Afghan government controls all influences. Less than 60 percent of the country's districts down six percent from the same period last year.
In 2008, Pulitzer Prize winning journalist David Rohde was kidnapped by the Taliban. He spent seven months and 10 days in captivity before escaping to
freedom with his translator.
He is now our global affairs analyst for CNN and online news director for "The New Yorker," and he joins me now via Skype.
David, always a pleasure. A plan promised by July. It's mid-August. Why do you think the delay?
DAVID ROHDE, CNN GLOBAL AFFAIRS ANALYST: Oh, I think there's deep division leaders the to the White House about what to do in Afghanistan. It's the
core division if you will. I think the national security adviser H.R. McMaster and the Defense Secretary James Mattis have pushed for a small
increase in U.S. troops. About 4000 additional troops, a multiyear commitment to stay -- you know, for the U.S. to stay at it in Afghanistan.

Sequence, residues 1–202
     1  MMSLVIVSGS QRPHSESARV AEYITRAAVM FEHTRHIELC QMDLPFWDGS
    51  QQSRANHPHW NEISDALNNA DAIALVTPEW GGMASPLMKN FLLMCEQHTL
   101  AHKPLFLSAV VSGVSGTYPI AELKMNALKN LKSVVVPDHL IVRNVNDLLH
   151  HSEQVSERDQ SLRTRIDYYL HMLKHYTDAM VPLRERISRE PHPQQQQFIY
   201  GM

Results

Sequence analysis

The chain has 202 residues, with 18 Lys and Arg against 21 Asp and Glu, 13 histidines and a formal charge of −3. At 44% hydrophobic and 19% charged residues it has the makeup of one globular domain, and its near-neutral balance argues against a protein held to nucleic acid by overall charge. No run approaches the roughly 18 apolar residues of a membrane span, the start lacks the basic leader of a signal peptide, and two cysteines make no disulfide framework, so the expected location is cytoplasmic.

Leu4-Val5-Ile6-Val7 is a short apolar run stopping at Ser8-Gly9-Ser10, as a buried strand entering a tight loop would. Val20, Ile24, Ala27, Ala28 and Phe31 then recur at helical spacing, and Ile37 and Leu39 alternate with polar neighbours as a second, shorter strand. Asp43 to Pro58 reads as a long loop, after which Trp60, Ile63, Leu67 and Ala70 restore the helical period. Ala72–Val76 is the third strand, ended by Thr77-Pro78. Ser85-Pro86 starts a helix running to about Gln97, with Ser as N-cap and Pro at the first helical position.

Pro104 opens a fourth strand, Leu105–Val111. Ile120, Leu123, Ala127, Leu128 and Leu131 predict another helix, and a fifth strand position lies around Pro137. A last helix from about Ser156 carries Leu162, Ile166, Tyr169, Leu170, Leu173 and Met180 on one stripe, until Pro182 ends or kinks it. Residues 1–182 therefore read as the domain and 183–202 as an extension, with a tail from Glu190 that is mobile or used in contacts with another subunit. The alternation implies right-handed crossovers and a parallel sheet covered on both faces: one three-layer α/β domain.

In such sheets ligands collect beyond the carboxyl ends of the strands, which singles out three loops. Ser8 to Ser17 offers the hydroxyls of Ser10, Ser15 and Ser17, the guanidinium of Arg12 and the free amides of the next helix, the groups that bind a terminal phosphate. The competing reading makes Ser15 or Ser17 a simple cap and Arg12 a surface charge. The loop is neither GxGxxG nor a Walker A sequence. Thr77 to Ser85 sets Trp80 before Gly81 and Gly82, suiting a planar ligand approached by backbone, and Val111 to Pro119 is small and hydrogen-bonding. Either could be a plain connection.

Steve Bannon, the domestic policy advisor who was a key player in Trump's election victory you know promised to Trump's base that the U.S. was not
going to be drawn into these foreign conflicts. You know, there would be decisive use of military action.
And so those two very different schools to engage more in Afghanistan or do we withdraw our filing this out and it's not clear who is going to win.
HOLMES: Wait, what has the best chance of working. I mean, forget the politics. I mean, in terms of strategy. What is the best chance of having
a genuine impact on the situation on the ground in terms of U.S. interest anyway rather than putting fingers and dikes?
ROHDE: It's got to be a combined diplomatic and military approach. You mentioned captivity, which was many, many like eight years ago now, but I